This article discusses the issues surrounding blowouts, and how autonomous trucks might handle the problem. Blowouts occur fairly frequently, though tire manufacturers are making better tires as time goes by. Drivers can usually use their ‘feel’ of the truck to navigate to a safe place to take care of the tire. How would an autonomous truck do it.
The article notes that this problem is one of the top five remaining problems for autonomous navigation.
Blowouts are not a major source of highway deaths. But they occur frequently. All the major tire manufacturers are working on means to control them. Sensors are the main approach. Progress in this area will benefit both driverless and people-driven trucks.
Here we see a day in the life of a package delivery driver for Veho, which seems to be an enlightened last-mile delivery company that is actively trying to make work friendlier to the driver. The system they have developed tries to take into account driver needs as well as those of the customer and the shipper.
One of the major factors involved in keeping a workforce today is giving workers input and making the workplace friendly for them.
Veho seems to be using that principle to drive their business. Let’s hope it is successful for them.
One downside of this approach is the need for a depot where the packages are brought before the routing is done. That’s a capital expense that not all services will want to implement. It also slows up expansion into new markets, since the warehouse sites must be found and built out. However, the depot is key to the optimization for all the involved parties, including the driver.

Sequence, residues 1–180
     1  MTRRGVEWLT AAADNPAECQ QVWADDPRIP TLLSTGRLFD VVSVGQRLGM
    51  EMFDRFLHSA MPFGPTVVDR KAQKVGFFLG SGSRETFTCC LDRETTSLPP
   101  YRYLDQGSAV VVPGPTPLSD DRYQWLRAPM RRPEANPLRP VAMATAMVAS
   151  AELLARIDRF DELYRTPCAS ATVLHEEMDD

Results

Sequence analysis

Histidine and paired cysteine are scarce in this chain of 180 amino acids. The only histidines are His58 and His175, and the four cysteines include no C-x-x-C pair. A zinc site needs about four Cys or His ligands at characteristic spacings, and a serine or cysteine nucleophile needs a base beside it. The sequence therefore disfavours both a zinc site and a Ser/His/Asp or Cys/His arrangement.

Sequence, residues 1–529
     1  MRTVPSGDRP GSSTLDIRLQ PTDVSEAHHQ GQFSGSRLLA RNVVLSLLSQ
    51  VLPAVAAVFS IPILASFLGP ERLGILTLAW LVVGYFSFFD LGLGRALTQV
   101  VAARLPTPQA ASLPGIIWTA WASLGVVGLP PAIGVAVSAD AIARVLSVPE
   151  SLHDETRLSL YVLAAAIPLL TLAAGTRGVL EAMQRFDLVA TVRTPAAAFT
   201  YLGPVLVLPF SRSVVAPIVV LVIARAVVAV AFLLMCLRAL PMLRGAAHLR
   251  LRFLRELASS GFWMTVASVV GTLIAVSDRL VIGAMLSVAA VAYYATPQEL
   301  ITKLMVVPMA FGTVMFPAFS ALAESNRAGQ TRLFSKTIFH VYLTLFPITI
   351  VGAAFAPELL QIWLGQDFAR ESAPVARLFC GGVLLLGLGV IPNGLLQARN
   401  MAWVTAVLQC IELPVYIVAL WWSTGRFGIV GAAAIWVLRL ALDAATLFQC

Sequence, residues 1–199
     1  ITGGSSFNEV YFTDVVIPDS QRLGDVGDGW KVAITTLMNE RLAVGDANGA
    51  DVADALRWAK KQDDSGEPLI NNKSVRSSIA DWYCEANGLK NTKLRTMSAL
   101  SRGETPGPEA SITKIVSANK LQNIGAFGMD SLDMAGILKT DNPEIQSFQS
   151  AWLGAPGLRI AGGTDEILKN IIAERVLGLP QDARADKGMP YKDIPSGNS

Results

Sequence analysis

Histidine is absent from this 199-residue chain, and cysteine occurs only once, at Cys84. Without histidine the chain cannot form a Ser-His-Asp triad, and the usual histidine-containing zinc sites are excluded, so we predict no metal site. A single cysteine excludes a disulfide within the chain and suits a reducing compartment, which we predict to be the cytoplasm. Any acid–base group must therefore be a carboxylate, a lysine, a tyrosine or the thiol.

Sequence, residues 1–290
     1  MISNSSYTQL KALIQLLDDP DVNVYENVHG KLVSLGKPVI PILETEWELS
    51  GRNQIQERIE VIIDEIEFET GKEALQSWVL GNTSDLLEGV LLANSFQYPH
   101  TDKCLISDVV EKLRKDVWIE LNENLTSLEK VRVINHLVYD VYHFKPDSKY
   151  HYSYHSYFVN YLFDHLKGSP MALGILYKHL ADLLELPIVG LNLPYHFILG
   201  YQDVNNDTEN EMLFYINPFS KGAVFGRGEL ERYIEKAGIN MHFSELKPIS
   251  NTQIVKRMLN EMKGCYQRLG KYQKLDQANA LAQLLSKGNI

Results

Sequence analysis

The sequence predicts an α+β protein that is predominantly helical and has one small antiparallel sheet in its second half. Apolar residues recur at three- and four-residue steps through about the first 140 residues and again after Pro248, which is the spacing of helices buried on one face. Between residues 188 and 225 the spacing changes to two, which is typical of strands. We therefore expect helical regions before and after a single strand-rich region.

More heartbreak for truckers, especially owner-operators.
Many small businesses turn to factors to handle one of the messiest jobs, invoicing and collecting from customers. Factors collect a percentage for each transaction, and often advance the money to the trucker before it’s collected. It costs the trucker some of her earnings, but the money is available right away, and the factor handles the arguments with the shippers.
But when a factoring firm, such as CoreFund Capital, goes bankrupt, truckers who have not received funds for their invoices are out of luck. They have to stand in line with other creditors, waiting for a court to approve payment.
That means they don’t have cash for immediate expenses such as fuel, even though they have already completed work they have not been paid for. Some cash flow problem, right?
And there isn’t much that can be done. The contracts that included use of CoreFund for payment have to be broken (by a court or receiver) before alternatives can be put in place.
The firm is owned by some brothers, and a family feud may be behind the collapse. Let’s hope the truckers get paid soon.